Deutsche Bank: Apple iPhone making significant inroads into the enterprise

Apple Online Store “‘There is growing evidence that the iPhone is making inroads into the Enterprise,’ writes Deutsche Bank research analyst Chris Whitmore in a report to clients Monday,” Philip Elmer-DeWitt reports for Fortune.

“By his estimates, Apple by the end of the year will have shipped about 2 million iPhones into corporate accounts through various routes, including internal IT department purchases and formal reimbursement policies,” Elmer-DeWitt reports.

Elmer-DeWitt reports, “That would give Apple about a 7% share of the enterprise smartphone market this year, up from 2% in 2008.”

Full article here.

[Thanks to MacDailyNews Readers “James W.” and “Dale E” for the heads up.]


  1. @ Uther P.

    Of course you’ve heard that a rising tide raises all boats. Well, the converse is true as well. An ebbing tide lowers all boats. The markets turned bearish on Friday and the market is soft. AAPL is just echoing the entire NASDAQ right now.

  2. Most stereotypical enterprise shops have very strong resistance to the iPhone. The sentiments about BlackBerry and iPhone are very similar to those towards Windows and Mac. Argument often goes: “BB allows me to push any kind of security policy out to the devices, there are management tools out there, besides, if I give people iPhones, suddenly everyone will be putting private stuff on them, downloading unauthorised apps, music, podcasts…”

    For your average IT shop manager, the more restrictions he can put on the use of the device, the better the device. Realistically, the differences in security features between BB and iPhone are the dealbreaker for a negligible percentage of IT shops out there. Everyone else could most certainly switch to the iPhone and still be able to tick all the necessary boxes on the security requirement sheet.

    If what DB claims is true, and the trend continues at the same pace, we’ll surely have more robust enterprise deployment by the time 4th gen iPhone arrives next summer. And very likely, Apple will deliver some more features that IT dictators demand before willing to consider the device for their shop.

    The best part of the story is that WinMob is rapidly disappearing…

  3. I’m sorry you cannot “tick off” all the needed boxes around security.

    – Apple doesn’t open the needed API to control the device at the level needed (progress though)
    – encryption is a joke and busted the week it was out. Please get FIPS certified like yesterday
    – Jailbreak happens way to quick. Once Jailbroke all kinds of apps are available to access the root to obtain said busted encrypted data as well the data cache of images everytime the home button is pressed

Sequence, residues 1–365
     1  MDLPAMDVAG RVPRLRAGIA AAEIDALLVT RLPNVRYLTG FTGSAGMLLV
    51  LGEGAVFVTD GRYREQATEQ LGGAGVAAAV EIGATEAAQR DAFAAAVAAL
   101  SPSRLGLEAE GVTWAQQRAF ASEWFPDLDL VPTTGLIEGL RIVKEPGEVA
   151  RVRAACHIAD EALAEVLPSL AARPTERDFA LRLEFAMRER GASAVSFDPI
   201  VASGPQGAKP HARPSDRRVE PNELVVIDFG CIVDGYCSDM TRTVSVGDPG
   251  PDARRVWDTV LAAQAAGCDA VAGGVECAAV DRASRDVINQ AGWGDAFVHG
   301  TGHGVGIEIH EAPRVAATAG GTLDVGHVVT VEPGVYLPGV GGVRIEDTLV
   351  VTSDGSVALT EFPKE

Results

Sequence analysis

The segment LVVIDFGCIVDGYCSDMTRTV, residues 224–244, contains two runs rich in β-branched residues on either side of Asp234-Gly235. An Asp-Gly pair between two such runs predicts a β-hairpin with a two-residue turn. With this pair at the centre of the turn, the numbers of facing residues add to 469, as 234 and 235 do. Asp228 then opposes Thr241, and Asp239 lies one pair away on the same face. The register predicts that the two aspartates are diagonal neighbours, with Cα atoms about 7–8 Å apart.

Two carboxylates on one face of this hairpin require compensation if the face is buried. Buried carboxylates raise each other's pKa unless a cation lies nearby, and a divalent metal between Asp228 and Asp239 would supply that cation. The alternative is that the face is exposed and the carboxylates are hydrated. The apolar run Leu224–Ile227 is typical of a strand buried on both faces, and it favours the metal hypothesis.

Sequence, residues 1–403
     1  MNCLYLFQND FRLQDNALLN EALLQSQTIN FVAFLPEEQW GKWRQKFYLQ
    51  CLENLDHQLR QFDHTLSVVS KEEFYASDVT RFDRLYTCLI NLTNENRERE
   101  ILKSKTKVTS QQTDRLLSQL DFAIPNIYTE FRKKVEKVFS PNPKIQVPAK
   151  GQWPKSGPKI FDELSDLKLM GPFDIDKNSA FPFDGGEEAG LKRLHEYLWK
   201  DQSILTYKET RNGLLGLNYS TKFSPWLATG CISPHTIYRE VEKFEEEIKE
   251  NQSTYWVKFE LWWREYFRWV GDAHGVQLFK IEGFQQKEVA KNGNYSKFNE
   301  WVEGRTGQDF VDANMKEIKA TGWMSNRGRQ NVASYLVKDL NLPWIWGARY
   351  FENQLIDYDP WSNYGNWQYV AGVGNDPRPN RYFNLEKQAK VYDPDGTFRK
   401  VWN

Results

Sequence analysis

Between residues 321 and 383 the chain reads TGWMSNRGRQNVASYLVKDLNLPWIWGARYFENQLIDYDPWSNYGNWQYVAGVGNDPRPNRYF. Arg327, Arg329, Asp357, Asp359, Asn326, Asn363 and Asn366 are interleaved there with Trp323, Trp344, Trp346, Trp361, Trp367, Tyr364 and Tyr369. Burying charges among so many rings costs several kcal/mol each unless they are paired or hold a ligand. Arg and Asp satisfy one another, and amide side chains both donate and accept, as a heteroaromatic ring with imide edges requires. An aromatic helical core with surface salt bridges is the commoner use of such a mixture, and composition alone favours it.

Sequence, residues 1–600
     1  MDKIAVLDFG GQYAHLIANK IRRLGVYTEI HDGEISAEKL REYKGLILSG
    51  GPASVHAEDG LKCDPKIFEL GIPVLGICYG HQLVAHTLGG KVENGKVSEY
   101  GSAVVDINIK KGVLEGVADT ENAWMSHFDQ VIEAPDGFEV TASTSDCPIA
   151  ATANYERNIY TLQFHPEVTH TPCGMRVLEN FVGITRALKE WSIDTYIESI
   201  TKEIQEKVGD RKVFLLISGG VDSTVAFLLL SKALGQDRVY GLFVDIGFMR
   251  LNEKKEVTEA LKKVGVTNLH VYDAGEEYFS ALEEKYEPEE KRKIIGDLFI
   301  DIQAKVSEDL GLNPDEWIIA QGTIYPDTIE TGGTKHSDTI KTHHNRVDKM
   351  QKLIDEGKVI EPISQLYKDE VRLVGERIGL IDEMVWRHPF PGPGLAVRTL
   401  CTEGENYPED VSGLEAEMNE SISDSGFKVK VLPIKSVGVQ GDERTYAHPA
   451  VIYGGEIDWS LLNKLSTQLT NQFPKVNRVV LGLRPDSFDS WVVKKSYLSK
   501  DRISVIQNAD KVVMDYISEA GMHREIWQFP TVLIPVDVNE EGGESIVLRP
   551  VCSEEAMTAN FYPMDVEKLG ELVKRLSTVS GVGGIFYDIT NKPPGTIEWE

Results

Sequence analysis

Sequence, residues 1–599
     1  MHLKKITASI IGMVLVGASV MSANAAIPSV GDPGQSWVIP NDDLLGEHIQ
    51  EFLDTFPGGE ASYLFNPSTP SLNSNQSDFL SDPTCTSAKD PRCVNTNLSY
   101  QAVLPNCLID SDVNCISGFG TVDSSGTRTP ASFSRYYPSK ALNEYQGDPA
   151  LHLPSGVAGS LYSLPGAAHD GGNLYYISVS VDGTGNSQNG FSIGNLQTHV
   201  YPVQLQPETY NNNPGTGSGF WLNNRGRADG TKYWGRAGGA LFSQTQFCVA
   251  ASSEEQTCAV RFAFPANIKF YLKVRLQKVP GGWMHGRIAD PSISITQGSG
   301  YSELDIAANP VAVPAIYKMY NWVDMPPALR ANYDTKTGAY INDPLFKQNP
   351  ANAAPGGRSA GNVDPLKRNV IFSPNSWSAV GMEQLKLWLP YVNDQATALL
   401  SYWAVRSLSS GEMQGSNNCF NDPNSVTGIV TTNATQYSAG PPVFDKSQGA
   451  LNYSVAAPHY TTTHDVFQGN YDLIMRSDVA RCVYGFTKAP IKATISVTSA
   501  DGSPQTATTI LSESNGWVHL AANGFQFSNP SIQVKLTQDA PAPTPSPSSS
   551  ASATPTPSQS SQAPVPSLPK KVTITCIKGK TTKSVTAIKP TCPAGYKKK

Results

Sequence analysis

Apple has a long way to go, yes not every company needs strong security and the reality is also this growth is where PERSONAL LIABLE devices are allowed. Most companies want nothing to do with that no matter the negligible cost savings. Still company data you have to be mindful of, still the same regulatory concerns. State of Mass has a whole consumer data protection regulation about to hit March 1st that extends to businesses of ANY size. So Apple needs to fix it’s encryption. It’s pretty said when even 3rd party solutions admit it’s up to Apple to fix.

    If Apple will give up control of the iPhone, drop any need for iTunes, keep the device from being hacked so easily as well find a means to deploy enterprise developed applications IN HOUSE – sign me up – until then, keep your personal iPhone to yourself.

    But I will agree – good riddance to windows mobile. Can’t wait to shut off ActiveSync and be done with that half baked mobile solution.

  4. @stereotypical users
    You actually sound like you know what you’re talking about! ” width=”19″ height=”19″ alt=”wink” style=”border:0;” />

    I’m glad to read some reader feedback that isn’t just off-the-cuff comments for a change.

  5. From comments above –
    “For your average IT shop manager, the more restrictions he can put on the use of the device, the better the device.”

    IT Translation . . . the easier it is for me. Screw productivity, I’m not responsible for that.

  6. I have both, my personal iPhone and my corporate CrapBerry. I use more the crapberry for internet access just because it is free. It is a pain in the A$$ to use it but it is free and I don’t want to spend my own money using my data plan in the iPhone (it is very expensive in my country).

    So when ever you see that crapberries are competing with iPhone in internet usage, that is because internet in most of the crapberries is free, not because it is easy to use.

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